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    Joaquin Phoenix, Prince William And Graham Norton All Addressed The Movie Industry's Lack Of Diversity In Speeches At The BAFTAs

    "There's been a bit of chat about white male privilege, and you can kind of see why."

    The 2020 BAFTAs opened by addressing the criticism over its lack of diversity.

    Warner Bros., Sony Pictures Releasing

    Speaking on stage in London, host Graham Norton began his opening monologue by saying: "2019 will be remembered as the year white men finally broke through! They did it! What am I talking about? We did it!"


    "There's been a bit of chat about white male privilege," he went on, "And you can sort of see why. There's 11 nominations for Joker, which is essentially the story of a white man who makes himself even whiter."


    He continued: "And how brilliant was Once Upon a Time in Hollywood? It takes a nostalgic look back at the Hollywood of 50 years ago — a misogynistic, male-dominated industry resistant to change. As I said, a look back at the Hollywood of 50 years ago."


    Later in the ceremony, Prince William addressed the lack of diversity in an impassioned speech.


    He said: "I am particularly proud to stand here tonight having served as BAFTAs president for the last 10 years. However, I must admit I don’t know whether I should be proud or slightly alarmed about the number of winners over the last decade who have portrayed members of my own family.

    Both here in the UK and in many other countries across the world, we are lucky to have incredible film makers, actor, producers, directors, technicians — men and women from all backgrounds and ethnicities enriching our lives though film.

    Yet in 2020, and not for the first time in the last few years, we find ourselves talking again about the need to do more to ensure diversity in the sector and in the awards process – that simply cannot be right in this day and age."

    And, during his acceptance speech for Best Actor, Joaquin Phoenix addressed systemic racism within the entertainment industry.


    He said: “I feel conflicted because so many of my fellow actors that are deserving don’t have that same privilege. I think we send a very clear message to people of color that you’re not welcome here. I don’t think anybody wants a handout or preferential treatment, people just want to be acknowledged, appreciated and respected for their work. This is not a self-righteous condemnation, because I'm ashamed to say I'm part of the problem."

    "We have to do the hard work to truly understand systemic racism. I think it is the obligation of the people that have created and perpetuate and benefit from a system of oppression to be the ones that dismantle it. That’s on us," he concluded.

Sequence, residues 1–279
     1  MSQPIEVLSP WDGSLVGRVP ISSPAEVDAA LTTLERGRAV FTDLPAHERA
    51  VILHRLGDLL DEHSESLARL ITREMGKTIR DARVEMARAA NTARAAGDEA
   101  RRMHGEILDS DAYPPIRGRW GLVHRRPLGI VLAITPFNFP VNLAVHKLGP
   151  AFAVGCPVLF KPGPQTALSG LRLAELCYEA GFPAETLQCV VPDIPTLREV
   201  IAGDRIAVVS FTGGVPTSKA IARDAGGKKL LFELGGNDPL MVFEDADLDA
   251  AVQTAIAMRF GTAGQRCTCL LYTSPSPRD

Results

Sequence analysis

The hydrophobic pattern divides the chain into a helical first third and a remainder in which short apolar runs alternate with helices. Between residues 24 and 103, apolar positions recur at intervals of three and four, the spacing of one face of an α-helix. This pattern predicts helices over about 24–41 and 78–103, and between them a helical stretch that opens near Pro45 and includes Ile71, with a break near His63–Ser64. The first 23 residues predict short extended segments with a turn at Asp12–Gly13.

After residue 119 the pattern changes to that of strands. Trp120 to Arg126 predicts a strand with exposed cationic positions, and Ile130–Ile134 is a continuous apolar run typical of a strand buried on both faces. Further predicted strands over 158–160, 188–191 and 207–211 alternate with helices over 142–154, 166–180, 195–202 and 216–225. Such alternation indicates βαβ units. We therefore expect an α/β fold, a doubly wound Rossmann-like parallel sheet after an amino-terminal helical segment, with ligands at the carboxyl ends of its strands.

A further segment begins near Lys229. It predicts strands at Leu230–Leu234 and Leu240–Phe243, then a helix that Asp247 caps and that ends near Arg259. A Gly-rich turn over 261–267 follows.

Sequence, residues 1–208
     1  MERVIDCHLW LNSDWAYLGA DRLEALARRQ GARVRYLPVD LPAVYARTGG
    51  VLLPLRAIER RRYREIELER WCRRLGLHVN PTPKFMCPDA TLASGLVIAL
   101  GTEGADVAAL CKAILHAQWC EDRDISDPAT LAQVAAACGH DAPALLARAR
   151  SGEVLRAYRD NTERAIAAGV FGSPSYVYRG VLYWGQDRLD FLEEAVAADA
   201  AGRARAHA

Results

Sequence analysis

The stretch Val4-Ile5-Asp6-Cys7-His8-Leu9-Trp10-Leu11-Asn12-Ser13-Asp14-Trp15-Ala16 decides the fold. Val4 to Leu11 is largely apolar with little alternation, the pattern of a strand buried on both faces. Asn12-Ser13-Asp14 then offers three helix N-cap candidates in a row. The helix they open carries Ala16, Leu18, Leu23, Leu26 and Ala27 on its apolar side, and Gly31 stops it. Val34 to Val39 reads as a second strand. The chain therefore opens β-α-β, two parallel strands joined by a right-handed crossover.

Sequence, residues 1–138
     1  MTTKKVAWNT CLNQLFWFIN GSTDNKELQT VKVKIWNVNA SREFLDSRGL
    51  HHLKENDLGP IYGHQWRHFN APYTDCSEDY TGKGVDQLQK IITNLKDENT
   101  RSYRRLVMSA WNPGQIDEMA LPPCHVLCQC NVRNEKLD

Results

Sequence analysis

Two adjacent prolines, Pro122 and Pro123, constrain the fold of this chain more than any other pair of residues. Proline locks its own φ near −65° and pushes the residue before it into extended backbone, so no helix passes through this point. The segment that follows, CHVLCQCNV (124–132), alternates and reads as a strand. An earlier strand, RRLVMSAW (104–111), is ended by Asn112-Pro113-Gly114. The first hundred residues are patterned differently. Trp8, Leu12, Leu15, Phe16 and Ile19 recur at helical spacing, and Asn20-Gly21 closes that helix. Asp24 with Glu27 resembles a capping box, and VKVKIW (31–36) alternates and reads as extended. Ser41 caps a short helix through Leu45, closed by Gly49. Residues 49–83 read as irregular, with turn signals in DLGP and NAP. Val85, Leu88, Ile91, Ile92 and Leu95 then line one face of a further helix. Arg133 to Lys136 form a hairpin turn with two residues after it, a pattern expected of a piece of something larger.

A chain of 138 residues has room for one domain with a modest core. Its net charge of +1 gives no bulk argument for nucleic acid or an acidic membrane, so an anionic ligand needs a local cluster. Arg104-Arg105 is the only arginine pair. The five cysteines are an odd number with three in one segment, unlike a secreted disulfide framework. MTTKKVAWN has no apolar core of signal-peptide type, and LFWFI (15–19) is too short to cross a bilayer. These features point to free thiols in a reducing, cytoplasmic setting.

The comments come just three weeks after this year's nominations were announced to widespread backlash.

    Not a SINGLE person of colour was nominated at the BAFTA's this year. They could have nominated Lupita, Awkafina, Zhao Shuzhen, Jennifer Lopez, Cynthia Erivo, Antonio Banderas, Eddie Murphy, or any one of the Parasite actors, they didn't. #BAFTAS #BaftasSoWhite

    Among the nominations, one thing stood out in particular — the fact that every person nominated in the major acting categories was white.


    What's more, Scarlett Johansson was nominated twice — for her lead role in Marriage Story and supporting role in Jojo Rabbit, while Margot Robbie took up two spots in the Supporting Actress category.

    People online were quick to point out the snubs for films including Us and Harriet, which were critically acclaimed and had been recognised at other major awards ceremonies.

    No nominations for Queen & Slim No nominations for Harriet No nominations for Blue Story No nominations for Us Appalling. #BAFTASSoWhite

    Others criticised Jennifer Lopez being overlooked for her role in Hustlers, as well as the cast of the movie Parasite, which was not represented in any of the acting categories.

    And before too long, the hashtag #BAFTAsSoWhite was trending on Twitter.

    #BAFTASSoWhite they nominated the same white woman twice in the same category so they wouldn’t have to give a slot to a deserving actor of color.

    It wasn't just the lack of racial diversity that was criticised, because once again, every person nominated for Best Director was male.

    I've already heard so many "Well, actually" comments on this hell-site from people insisting that the Globes/BAFTAs/Oscars just didn't have any women to choose from for the Best Director category. Bless. You want to play that game? Okay, I'm in. I've got time.

    While films like Little Women and Booksmart were acknowledged in the Adapted and Original Screenplay categories, Greta Gerwig and Olivia Wilde were both snubbed for Best Director.

    Up until tonight's ceremony, the only comment on the matter had been from the BAFTA deputy chair, Krishnendu Majumdar, who said it was "worth pointing out" that films by women directors had been recognised in other categories.

    Frazer Harrison / Getty Images

    "Greta Gerwig — she’s been nominated this year for Adapted Screenplay..." he said. "I think it’s worth pointing out there are 13 female directors nominated across all our nominations, including Lulu Wang for The Farewell and also the director for Frozen 2."

    Ellie Woodward is a deputy news director for BuzzFeed News and is based in London.

    Contact Ellie Woodward at

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